Demonetization Policy Shocks YouTubers, Perhaps Ending “The Party”

YouTube has long been a haven for independent content creators to showcase their work and, if they are popular enough, profit off of it. Advertisers pay YouTube to place advertisements before videos. YouTube splits the ad earnings with the video creators. Everybody wins. Right?

Late last month, YouTube users noticed the natural order to which they were accustomed had been broken. Some of their videos had simply stopped earning them ad money. And to their surprise, this wasn’t a new development; it had been happening since 2012.

The reason can be found in YouTube’s “advertiser-friendly content guidelines.” According to YouTube, a video can be automatically “demonetized” if it contains any material that meets these criteria:

  • Sexually suggestive content, including partial nudity and sexual humor
  • Violence, including display of serious injury and events related to violent extremism
  • Inappropriate language, including harassment, profanity and vulgar language
  • Promotion of drugs and regulated substances, including selling, use and abuse of such items
  • Controversial or sensitive subjects and events, including subjects related to war, political conflicts, natural disasters and tragedies, even if graphic imagery is not shown

In other words, many advertisers don’t want to be associated with the type of material above, so including it in a video can strip a YouTube video of its monetization. The process is automated, and uses algorithms to search for videos with tags and content that are not “advertiser-friendly.”

In the video most responsible for bringing attention to this issue, YouTuber Philip DeFranco shares his worries that he won’t be able to keep posting the type of content he often does.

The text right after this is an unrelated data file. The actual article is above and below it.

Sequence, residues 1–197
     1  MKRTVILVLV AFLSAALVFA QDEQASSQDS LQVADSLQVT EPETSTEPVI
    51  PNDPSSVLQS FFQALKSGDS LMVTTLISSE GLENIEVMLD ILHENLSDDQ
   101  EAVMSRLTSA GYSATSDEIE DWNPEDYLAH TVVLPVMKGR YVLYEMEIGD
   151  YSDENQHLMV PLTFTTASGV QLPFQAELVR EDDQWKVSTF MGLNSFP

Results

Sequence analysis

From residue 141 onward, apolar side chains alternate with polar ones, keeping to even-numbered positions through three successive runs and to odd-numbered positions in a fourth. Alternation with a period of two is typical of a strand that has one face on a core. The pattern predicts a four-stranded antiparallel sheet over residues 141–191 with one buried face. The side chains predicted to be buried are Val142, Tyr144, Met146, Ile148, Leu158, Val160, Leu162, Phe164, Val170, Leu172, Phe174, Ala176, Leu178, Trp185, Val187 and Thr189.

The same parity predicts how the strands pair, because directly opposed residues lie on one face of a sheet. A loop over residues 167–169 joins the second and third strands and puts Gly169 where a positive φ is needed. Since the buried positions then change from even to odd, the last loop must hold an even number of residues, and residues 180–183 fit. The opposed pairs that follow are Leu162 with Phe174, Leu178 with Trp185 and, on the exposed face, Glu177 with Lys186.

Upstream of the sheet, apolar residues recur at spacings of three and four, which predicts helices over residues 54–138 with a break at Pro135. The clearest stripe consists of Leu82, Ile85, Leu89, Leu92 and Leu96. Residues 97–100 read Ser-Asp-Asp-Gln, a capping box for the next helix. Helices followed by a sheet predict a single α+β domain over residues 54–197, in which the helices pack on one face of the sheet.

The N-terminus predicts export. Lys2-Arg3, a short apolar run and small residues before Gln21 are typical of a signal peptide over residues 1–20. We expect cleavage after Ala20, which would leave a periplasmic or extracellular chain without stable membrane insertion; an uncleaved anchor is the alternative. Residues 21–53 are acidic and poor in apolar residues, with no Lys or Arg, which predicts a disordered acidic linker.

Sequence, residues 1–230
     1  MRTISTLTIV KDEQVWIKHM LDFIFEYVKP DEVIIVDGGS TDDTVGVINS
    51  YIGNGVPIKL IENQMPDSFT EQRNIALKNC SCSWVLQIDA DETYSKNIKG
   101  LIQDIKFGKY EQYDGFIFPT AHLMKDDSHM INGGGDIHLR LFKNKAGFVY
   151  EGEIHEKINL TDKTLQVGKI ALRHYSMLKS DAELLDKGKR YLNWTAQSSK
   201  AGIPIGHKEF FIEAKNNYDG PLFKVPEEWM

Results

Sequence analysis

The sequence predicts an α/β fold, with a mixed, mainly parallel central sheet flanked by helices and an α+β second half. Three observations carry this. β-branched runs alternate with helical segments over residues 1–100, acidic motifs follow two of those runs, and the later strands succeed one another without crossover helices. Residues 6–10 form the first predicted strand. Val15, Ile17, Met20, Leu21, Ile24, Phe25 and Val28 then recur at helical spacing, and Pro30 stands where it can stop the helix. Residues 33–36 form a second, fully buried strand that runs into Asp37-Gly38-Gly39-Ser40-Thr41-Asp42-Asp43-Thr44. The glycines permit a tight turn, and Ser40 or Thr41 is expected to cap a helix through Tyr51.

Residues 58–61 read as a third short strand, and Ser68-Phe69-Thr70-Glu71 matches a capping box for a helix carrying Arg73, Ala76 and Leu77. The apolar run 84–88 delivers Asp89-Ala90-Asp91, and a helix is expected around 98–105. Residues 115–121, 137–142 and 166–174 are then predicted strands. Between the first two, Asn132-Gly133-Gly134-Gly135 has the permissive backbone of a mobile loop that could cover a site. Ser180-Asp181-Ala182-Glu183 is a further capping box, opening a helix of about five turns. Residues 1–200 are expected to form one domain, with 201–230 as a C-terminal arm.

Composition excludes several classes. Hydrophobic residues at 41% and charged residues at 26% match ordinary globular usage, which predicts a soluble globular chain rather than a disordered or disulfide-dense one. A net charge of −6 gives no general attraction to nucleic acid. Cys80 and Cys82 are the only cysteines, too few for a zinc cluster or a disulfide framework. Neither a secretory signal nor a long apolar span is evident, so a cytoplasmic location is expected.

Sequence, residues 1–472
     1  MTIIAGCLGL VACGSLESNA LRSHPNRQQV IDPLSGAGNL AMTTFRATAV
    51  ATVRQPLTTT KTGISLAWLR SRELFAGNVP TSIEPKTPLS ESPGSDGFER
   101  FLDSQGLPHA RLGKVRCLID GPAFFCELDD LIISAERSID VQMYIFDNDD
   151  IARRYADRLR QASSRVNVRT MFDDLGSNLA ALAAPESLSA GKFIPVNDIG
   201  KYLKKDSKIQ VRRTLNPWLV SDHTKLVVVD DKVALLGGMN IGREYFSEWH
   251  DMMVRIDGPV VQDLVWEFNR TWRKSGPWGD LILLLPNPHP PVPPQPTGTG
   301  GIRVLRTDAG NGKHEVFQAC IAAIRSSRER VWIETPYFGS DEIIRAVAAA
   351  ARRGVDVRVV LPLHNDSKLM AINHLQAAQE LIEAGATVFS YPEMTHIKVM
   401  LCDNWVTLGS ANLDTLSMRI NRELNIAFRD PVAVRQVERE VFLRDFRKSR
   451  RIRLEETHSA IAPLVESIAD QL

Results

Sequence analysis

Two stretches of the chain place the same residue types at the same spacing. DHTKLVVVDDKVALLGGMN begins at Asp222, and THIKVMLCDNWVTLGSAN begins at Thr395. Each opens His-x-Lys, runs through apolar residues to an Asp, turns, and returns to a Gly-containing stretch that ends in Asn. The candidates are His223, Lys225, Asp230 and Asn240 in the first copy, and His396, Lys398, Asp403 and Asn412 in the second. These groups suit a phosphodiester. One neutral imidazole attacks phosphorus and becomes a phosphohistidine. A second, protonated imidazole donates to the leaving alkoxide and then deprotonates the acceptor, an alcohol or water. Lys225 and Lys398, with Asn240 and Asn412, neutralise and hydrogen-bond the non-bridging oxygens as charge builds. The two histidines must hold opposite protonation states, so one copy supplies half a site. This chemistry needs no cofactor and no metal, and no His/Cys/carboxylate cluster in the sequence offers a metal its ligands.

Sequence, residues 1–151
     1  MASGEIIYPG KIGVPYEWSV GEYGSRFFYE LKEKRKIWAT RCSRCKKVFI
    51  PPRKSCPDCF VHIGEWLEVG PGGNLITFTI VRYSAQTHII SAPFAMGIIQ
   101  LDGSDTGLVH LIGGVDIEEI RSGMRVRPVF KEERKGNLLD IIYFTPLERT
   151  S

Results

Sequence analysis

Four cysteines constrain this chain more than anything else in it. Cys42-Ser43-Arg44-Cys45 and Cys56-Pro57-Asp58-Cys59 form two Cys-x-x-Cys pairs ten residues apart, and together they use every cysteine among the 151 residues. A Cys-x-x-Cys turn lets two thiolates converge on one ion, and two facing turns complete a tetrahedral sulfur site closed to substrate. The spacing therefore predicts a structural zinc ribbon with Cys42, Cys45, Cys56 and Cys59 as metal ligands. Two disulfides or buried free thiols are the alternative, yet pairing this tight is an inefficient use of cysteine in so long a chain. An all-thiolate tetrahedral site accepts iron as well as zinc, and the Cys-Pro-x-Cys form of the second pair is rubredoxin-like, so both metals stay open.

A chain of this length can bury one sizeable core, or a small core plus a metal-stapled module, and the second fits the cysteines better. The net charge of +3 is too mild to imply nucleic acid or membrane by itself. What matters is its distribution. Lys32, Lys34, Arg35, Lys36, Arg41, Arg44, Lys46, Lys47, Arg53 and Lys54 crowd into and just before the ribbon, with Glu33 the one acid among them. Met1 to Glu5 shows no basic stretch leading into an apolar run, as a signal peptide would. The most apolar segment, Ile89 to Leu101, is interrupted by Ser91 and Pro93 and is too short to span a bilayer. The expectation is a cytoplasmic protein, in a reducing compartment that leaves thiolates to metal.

“Many times on my show I’ve talked about things that aren’t great – just horrible things. By taking monetization it is a form of censorship,” DeFranco says.

DeFranco acknowledges that YouTube, as a private company, has the right to monetize whichever videos it wants. But that doesn’t detract from his or other YouTubers’ concerns. To them, the guidelines have a chilling effect: fear of demonetization can lead people to post less sensitive, and perhaps less interesting content.

The sudden attention to these guidelines sparked the hashtag #YouTubeIsOverParty and led many YouTubers to share their concerns in their own videos.

Mike Figuerido, who hosts the Humanist Report on YouTube, first heard about demonetization from DeFranco’s video.

“I was legitimately terrified and immediately rushed to check my channel to see how many of my videos were demonetized,” Figueredo said in an email to MediaFile.

Figueredo learned that twelve of his videos had been demonetized by YouTube. The Humanist Report is a podcast and video series in which Figueredo analyzes news and politics. With that premise, he inevitably has to discuss political issues, which falls under YouTube’s list of “inappropriate” content. Through YouTube’s manual review process, Figueredo appealed all of the videos that were flagged and eventually regained monetization for most of them.